Later that day, it transpired that the victim’s name was, in fact, Annie Chapman – The Nottingham Evening Post explained the earlier  wrong identification by pointing out that:-

“In explanation of her being known by the name of Siffey, it is said that she lived for a time with a man who worked at sieve making.”

With regards the circumstances of the victim The Eastern News provided details of how she had come to be on the streets in the early hours of the morning:-

“The Deceased, it transpires, was unable to pay her lodging money last night and went out onto the streets again with the object of getting it. She was then under the influence of liquor and was seen drinking again in the early ours of the morning.”


The terror in the neighbourhood was heightened by rumours that were circulating in the vicinity that the murderer had left a message on a wall close to the scene of his latest atrocity.

Several newspapers reported on the message and its chilling threat, amongst them The Lancashire Evening Post:-

“On the wall of the yard where the body was discovered, the following words were found to be written “Fifteen more and then I give myself up.””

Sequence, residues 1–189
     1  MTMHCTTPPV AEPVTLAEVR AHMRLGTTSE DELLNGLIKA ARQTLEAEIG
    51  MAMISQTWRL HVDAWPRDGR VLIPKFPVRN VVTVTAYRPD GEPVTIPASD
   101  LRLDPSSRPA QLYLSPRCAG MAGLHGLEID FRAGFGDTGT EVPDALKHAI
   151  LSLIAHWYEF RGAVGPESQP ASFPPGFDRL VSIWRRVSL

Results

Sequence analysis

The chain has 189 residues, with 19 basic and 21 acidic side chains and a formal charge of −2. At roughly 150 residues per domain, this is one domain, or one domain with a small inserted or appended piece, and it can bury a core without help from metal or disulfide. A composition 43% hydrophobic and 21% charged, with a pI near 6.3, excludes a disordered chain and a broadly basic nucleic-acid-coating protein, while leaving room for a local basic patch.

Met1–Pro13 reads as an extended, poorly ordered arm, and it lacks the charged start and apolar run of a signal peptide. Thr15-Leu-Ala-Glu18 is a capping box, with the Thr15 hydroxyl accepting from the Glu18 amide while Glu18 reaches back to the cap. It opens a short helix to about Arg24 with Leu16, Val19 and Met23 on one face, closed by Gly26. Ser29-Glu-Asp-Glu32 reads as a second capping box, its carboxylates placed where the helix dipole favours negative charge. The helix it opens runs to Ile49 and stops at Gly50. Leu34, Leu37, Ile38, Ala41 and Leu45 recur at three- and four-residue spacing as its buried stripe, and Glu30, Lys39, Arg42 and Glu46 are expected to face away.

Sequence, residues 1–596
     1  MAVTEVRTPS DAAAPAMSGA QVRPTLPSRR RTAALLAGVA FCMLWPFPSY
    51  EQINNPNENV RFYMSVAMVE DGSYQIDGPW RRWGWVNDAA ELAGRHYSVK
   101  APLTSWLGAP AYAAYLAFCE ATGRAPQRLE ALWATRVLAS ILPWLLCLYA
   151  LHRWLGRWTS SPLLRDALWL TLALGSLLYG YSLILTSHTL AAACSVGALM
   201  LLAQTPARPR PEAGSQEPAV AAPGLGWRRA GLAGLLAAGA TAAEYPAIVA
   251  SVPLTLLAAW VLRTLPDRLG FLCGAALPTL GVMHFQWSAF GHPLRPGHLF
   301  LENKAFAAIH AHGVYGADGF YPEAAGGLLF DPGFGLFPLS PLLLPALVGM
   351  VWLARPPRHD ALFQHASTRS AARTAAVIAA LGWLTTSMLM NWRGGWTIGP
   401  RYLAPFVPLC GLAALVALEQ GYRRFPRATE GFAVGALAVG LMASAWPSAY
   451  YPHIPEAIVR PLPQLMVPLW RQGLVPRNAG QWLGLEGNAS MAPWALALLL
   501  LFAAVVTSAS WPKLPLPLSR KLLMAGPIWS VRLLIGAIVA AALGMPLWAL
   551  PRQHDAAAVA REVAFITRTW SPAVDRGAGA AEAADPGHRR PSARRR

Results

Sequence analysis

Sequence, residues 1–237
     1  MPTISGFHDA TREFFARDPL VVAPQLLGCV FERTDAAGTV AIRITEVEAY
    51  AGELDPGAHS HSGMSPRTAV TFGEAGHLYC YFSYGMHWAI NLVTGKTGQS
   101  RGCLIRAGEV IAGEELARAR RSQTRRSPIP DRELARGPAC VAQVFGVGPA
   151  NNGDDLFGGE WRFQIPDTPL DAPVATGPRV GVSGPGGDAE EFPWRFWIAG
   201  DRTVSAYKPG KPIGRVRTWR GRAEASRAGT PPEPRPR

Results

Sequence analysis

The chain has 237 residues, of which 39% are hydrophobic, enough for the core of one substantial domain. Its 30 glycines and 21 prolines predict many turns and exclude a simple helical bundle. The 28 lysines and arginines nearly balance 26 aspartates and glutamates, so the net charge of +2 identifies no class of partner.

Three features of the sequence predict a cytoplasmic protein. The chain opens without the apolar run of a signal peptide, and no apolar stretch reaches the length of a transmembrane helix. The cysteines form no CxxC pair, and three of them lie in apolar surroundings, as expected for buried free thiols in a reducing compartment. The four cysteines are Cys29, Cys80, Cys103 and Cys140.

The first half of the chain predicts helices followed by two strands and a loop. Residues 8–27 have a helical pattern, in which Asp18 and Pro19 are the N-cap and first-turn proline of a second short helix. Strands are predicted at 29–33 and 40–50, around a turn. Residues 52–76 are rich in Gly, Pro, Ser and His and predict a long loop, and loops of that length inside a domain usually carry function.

A sketch showing the site of the murder of Annie Chapman.
The murder site


The Pall Mall Gazette, in its fourth edition on the 8th September, 1888, provided more details of this fresh atrocity:-

“Something like a panic will he occasioned in London today by the announcement that another horrible murder has taken place in densely populated Whitechapel.

This makes the fourth murder of the same kind, the perpetrator of which has succeeded in escaping the vigilance of the police.”

The article couldn’t resist a sly dig at the police, by contrasting their handling of the Bloody Sunday protest of the previous November, with their inability to bring the Whitechapel murderer to justice.

“The triumphant success with which the metropolitan police have suppressed all political meetings in Trafalgar-square contrasts strangely with their absolute failure to prevent the most brutal kind of murder in Whitechapel.

The Criminal Investigation Department under Mr. Monro was so preoccupied in tracking out the men suspected of meditating political crimes that the ordinary vulgar assassin has a free field in which to indulge his propensities.